If you're plagued by social anxiety, you know that from time to time it can be difficult to speak up or get your point across. In fact, it may be hard for you to even get a word in edgewise. But there are a few tricks of the trade you can use when it seems like no one wants to hear what you have to say!
Speak up and try using a louder voice.
You might think that no one notices when you don't speak up, but the people around you will definitely notice if they have nothing better to do than listen attentively. Loud advocates often get their way.
Write it down, and read it out loud to yourself so you don't forget any of your ideas.
Hearing your own voice is particularly helpful for people with social anxiety because they tend to overthink their thoughts to death. It's best if both the speaker and listener hear their own words in an attempt to decrease anxiety production.
When in doubt, ask the question out loud!
This is a great trick that doesn't seem like much but can be very effective in getting people talking about important issues that you want to discuss.
Humor is another great tool for getting people talking about what you want them to talk about (relatively). If you're funny, people will accept your humor as more valuable than their own. You can use humor to defuse the tension that often builds up during social situations.
Be aware of your tone
When asking questions about important issues, make sure your tone is serious but not upset. When people hear that tone, the first thing they think is that something is wrong with you, so it's best not to let them think that. So reassess your tone and re-direct your voice.
People will be more inclined to listen when you ask them a question or make a statement that shows you care about what they say. So when the conversation turns from neutral territory into a serious debate, try making eye contact and nodding at the same time until the person is willing to slow down for a moment and think about how best to respond.
Make eye contact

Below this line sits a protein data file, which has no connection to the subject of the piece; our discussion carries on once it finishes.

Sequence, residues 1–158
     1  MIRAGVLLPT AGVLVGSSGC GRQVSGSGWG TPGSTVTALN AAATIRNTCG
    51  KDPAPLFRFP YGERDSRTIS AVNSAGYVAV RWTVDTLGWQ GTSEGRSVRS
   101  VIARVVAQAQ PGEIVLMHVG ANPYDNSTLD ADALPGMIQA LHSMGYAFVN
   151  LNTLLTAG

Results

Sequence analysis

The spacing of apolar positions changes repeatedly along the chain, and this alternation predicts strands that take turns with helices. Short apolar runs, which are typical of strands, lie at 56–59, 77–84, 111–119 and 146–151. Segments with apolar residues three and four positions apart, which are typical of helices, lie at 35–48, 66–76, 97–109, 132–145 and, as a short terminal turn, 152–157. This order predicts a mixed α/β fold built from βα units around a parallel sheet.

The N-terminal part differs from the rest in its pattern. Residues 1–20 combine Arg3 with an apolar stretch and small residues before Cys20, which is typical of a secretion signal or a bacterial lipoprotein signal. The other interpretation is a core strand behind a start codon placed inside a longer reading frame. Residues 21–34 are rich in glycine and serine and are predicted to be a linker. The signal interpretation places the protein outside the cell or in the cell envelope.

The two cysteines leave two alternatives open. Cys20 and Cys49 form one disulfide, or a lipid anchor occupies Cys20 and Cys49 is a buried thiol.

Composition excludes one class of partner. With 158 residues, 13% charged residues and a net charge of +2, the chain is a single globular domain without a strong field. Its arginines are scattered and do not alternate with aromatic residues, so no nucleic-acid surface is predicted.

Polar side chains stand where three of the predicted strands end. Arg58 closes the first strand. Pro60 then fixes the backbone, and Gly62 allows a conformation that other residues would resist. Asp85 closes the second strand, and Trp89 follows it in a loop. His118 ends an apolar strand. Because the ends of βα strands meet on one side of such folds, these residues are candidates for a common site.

Make eye contact with people who are talking to you and listen closely to their answers. The eyes are windows into the soul, so if someone is looking at you or really listening, they want to help solve whatever problem you're facing.
This tip is a little more technical but no less useful: make it a habit to be as specific as possible when describing your goals. If you say you want them to discuss the importance of global warming, they won't know what you're talking about. Instead, simply say something like: "I want to let everyone know about my concern about global warming." By getting more specific - and making it clear that the issue is very important - you'll increase your chances of faster results.
Try staying in the moment and not worrying so much about what other people think and feel and how they will respond. Instead, focus on your own needs and take action accordingly.
When asking others for help or guidance, make sure to be authentic. People are more likely to take you seriously if they feel your pain is genuine.
Be patient with yourself and know that your social anxiety isn't a disease or a choice; it's just how you learn about people and situations and adjust as needed. Over time, you'll grow more comfortable with yourself and others.
In conclusion, the more you practice these tips, the easier it will be for you to get your point across without triggering too much rejection or negative reaction. And eventually, you'll start seeing that many people - even those who don't want to hear what you have to say - are willing to listen and understand your problem!
If you need more help to be seen and heard, check out my free Assertiveness Training 101.